Should a jury know only what is said in the court?
A young journalist was recently convicted of sub judice contempt of court and given a good behaviour bond, and her employer fined $300,000 for the extra information she added to her story about a man facing court for murder. (See DPP v Johnson & Yahoo!7 (No 2)  VSC 45.)
The man was facing trial in Melbourne for the murder of his partner, but when the journalist wrote her online story about the case for Yahoo!7, she added material on the man that she had gleaned from his social media accounts and that had not been mentioned in court.
Four days after the journalist posted her unedited story online, the defence protested that it prejudiced the trial. The judge declared a mistrial, as a juror may have read the story and it could have potentially influenced their evaluation of the evidence.
Jurors only meant to know what they hear in the courtroom
The young journalist broke the golden rule not to report anything said in the absence of the jury. She wasn’t the first. In 2013 broadcaster Derryn Hinch was found guilty of breaching a court suppression order when he revealed the criminal history of a man accused of committing murder while he was on parole.
Hinch was also jailed in 1987 for revealing the prior convictions of a paedophile priest. Hinch had considerable public support for his action and is now a senator.
However, the law is very strict on this. The jury is not supposed to know anything beyond what the jurors hear in the courtroom. They should not read media reports on the case, and certainly they should not play detective and conduct their own investigations or research. In reaching their verdict, the jury is supposed to consider only the evidence they hear in court.
If an Australian judge heard that a juror had done something similar to what Henry Fonda did in the 1957 movie Twelve Angry Men when he dug up his own evidence, Fonda would be the one locked up.
Should a jury be able to learn more about the accused?
But the laws might change if reforms suggested by the Royal Commission into Institutional Responses to Child Sexual Abuse are adopted. The Commission’s proposed reforms would allow more details about an accused person’s past – known in law as “tendency and coincidence evidence” – to be put before a jury. (See Evidence (Tendency and Coincidence) Model Provisions, public consultation draft.)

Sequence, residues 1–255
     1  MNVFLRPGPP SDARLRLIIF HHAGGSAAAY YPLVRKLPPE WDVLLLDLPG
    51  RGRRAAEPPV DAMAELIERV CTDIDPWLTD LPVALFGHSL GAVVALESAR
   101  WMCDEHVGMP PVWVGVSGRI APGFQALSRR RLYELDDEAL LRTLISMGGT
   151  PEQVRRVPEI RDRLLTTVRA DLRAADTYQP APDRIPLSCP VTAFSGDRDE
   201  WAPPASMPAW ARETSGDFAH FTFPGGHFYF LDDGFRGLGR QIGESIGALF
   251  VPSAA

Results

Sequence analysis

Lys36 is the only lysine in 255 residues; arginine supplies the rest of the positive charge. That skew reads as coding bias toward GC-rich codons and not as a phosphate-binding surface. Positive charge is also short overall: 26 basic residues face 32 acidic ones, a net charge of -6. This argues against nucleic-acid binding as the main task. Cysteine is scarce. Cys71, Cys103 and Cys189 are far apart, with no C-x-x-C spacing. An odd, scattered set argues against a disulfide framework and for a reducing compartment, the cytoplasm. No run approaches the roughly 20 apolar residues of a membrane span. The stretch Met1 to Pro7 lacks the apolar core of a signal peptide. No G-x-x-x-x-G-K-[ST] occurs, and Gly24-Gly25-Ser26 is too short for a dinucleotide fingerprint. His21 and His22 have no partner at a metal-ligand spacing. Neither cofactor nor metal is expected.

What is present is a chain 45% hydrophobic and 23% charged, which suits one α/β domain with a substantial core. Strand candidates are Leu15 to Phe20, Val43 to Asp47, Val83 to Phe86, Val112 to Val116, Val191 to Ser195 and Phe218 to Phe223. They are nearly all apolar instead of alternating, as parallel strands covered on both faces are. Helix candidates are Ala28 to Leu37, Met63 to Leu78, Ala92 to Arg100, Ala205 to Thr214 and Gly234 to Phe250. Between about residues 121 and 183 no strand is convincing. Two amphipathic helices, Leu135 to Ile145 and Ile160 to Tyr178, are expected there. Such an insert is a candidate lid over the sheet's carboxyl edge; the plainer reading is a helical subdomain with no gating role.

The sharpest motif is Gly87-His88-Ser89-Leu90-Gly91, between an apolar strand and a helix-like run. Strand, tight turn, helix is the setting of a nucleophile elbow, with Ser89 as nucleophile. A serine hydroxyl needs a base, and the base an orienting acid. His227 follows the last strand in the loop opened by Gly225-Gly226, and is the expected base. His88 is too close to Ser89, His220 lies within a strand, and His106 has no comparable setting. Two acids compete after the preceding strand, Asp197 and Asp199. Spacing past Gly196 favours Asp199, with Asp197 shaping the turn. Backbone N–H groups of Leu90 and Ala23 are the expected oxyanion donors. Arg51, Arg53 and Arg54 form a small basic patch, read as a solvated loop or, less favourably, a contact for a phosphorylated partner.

After its long and torrid investigation, the Commission felt that a jury should be able to know more about a person accused of child sexual abuse and be able to hear from previous victims, so that a child abuse case does not come down to just one person’s word against another’s.
Would changing rules of evidence increase risk of innocent people being convicted?
However, relaxing the rules of admissible evidence could lead to an increase in wrongful convictions. The Commission’s proposed law changes would apply nationally to all crimes, not only those involving child sexual abuse.
The jury might conclude that if a defendant has been convicted earlier of a similar crime, he probably committed this crime as well. It has the potential for increasing the likelihood of innocent people going to jail.
The Australian Lawyers Alliance and the Law Society of NSW have expressed similar concerns.
Are we underestimating the jury’s ability to assess evidence?
But is it time to ask whether the legal system is underestimating the ability of jurors – twelve citizens chosen at random – to weigh the evidence presented in court? Is it detrimental to the defendant for the jury to be told of their previous criminal convictions? Is it detrimental to the victim for the jury not to know about the accused’s criminal past?
It is a question that perhaps should be asked, particularly in cases of child sexual abuse or sex crimes, where there is a high incidence of repeat offending.